BACKGROUND: Few studies investigate predictors of intentional self-injury over time in non-clinical samples. By using longitudinal data from the whole population of the county of Scania, Sweden, aged 18 years and over (N = 936 449), we aim to identify risk factors for non-fatal diagnosed intentional self-injury. Groups at risk of repeat episodes of self-injury will be identified. METHODS: Information on hospital stays and outpatient specialized care visits registered as intentional self-injury was collected from the Region Skåne Healthcare database in 2007. These injuries were studied in relation to sociodemographic factors, previous disease, substance abuse and psychotropic drug treatment at baseline. RESULTS: There were increased odds of diagnosed intentional self-injury during follow-up in association with being single, of young or middle age, having low income and being born in the Nordic countries. Presence of neurological or psychiatric disease, substance abuse and previous assault-related injury were also strongly associated with future intentional self-injury. The use of psychotropic drugs showed a clear dose-response relationship with intentional self-injury during follow-up. Those diagnosed with self-injury in the 3-year period before baseline had more than 10 times increased odds of a new episode of intentional self-injury. The odds of repeated episodes of self-injury among subjects born in Europe, but outside Sweden, were less than half those seen for subjects born in Sweden. CONCLUSIONS: The present study, based on a total general population, expands the knowledge base regarding intentional self-injury in adults, repeat behaviour and its associations with sociodemographic variables, substance use and disease in both men and women.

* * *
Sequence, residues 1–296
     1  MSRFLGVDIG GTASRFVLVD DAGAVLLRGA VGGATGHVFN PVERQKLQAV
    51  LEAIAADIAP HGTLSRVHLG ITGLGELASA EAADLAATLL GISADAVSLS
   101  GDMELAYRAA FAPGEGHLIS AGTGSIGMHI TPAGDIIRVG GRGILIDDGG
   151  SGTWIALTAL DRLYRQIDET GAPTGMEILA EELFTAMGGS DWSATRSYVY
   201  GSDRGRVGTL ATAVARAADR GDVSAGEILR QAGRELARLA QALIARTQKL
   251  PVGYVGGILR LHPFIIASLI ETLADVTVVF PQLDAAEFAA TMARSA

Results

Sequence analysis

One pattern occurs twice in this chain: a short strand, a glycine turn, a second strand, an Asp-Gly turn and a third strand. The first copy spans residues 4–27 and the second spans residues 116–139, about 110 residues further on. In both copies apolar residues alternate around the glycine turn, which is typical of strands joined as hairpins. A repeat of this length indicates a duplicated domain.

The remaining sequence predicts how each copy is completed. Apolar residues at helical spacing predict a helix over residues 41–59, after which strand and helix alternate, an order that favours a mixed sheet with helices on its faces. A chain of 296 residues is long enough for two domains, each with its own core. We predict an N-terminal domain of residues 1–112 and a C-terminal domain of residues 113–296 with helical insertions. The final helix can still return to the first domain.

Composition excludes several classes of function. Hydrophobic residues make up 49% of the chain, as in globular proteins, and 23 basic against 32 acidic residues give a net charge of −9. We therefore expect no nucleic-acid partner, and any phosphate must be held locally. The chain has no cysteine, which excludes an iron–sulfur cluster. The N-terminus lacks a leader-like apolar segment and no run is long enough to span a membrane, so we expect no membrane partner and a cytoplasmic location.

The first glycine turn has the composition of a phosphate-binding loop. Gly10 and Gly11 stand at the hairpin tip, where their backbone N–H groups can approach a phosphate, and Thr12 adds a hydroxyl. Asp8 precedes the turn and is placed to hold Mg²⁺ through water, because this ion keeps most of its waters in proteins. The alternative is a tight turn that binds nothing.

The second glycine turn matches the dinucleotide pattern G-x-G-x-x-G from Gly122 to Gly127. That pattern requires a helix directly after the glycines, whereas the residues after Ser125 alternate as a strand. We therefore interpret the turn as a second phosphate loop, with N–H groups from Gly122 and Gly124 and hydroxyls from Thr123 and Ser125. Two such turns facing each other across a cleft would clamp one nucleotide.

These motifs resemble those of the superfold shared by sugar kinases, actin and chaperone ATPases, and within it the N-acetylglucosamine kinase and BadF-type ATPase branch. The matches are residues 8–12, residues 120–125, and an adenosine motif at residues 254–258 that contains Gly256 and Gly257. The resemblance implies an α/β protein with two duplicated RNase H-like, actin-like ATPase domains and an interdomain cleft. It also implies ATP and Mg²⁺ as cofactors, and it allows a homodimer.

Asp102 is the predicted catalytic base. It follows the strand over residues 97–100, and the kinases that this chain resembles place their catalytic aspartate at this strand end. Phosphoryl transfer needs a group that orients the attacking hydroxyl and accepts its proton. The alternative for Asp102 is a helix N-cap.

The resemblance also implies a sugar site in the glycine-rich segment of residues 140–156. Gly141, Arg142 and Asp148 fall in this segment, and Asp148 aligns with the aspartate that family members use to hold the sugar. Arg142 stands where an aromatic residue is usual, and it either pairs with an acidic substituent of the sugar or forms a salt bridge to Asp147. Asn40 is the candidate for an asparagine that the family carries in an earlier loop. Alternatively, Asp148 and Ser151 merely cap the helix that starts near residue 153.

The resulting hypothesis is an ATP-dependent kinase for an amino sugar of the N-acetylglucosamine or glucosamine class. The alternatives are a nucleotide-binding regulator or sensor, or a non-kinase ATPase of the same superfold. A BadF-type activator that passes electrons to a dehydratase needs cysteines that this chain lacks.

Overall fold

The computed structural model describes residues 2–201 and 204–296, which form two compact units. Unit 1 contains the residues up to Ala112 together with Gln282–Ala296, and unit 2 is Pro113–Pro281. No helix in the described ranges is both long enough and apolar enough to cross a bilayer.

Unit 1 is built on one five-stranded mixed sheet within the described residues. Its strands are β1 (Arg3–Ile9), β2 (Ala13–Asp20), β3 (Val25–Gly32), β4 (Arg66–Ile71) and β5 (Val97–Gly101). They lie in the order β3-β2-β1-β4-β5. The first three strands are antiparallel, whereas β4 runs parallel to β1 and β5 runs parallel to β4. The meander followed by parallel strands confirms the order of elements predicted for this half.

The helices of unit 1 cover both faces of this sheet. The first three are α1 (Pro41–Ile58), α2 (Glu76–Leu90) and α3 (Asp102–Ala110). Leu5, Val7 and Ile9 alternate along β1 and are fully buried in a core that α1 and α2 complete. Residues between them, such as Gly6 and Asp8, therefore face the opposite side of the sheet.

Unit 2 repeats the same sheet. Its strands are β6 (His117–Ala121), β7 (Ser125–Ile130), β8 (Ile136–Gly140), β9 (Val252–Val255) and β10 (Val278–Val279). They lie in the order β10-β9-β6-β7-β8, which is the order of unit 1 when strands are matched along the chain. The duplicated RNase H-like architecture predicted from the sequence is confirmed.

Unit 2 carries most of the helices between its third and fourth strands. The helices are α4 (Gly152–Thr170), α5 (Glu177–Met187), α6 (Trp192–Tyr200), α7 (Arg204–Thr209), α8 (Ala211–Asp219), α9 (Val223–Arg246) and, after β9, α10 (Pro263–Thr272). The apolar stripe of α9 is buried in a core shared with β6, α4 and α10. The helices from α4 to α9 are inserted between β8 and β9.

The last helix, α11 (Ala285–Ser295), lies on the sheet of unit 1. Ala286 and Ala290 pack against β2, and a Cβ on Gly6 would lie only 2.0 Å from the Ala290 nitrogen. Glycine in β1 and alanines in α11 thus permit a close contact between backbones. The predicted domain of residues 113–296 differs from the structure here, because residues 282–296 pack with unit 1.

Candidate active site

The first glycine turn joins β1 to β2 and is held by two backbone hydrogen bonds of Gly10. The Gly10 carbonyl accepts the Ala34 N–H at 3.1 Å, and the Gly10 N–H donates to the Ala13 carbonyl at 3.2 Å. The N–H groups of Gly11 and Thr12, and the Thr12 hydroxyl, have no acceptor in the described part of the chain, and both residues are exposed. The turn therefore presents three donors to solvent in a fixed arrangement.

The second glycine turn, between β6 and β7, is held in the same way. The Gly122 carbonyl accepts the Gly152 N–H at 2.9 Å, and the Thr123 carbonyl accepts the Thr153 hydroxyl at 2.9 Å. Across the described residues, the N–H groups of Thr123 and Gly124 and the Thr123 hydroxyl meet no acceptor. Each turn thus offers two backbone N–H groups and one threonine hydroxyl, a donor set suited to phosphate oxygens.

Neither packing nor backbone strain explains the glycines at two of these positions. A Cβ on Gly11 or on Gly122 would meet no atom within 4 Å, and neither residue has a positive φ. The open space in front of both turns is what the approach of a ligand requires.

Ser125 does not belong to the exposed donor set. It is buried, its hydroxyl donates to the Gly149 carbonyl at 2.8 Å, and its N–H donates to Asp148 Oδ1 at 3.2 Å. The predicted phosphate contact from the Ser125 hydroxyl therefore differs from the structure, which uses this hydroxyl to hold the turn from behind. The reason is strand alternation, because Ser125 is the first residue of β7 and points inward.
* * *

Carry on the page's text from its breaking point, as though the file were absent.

Subject classification (UKÄ)
- Public Health, Global Health, Social Medicine and Epidemiology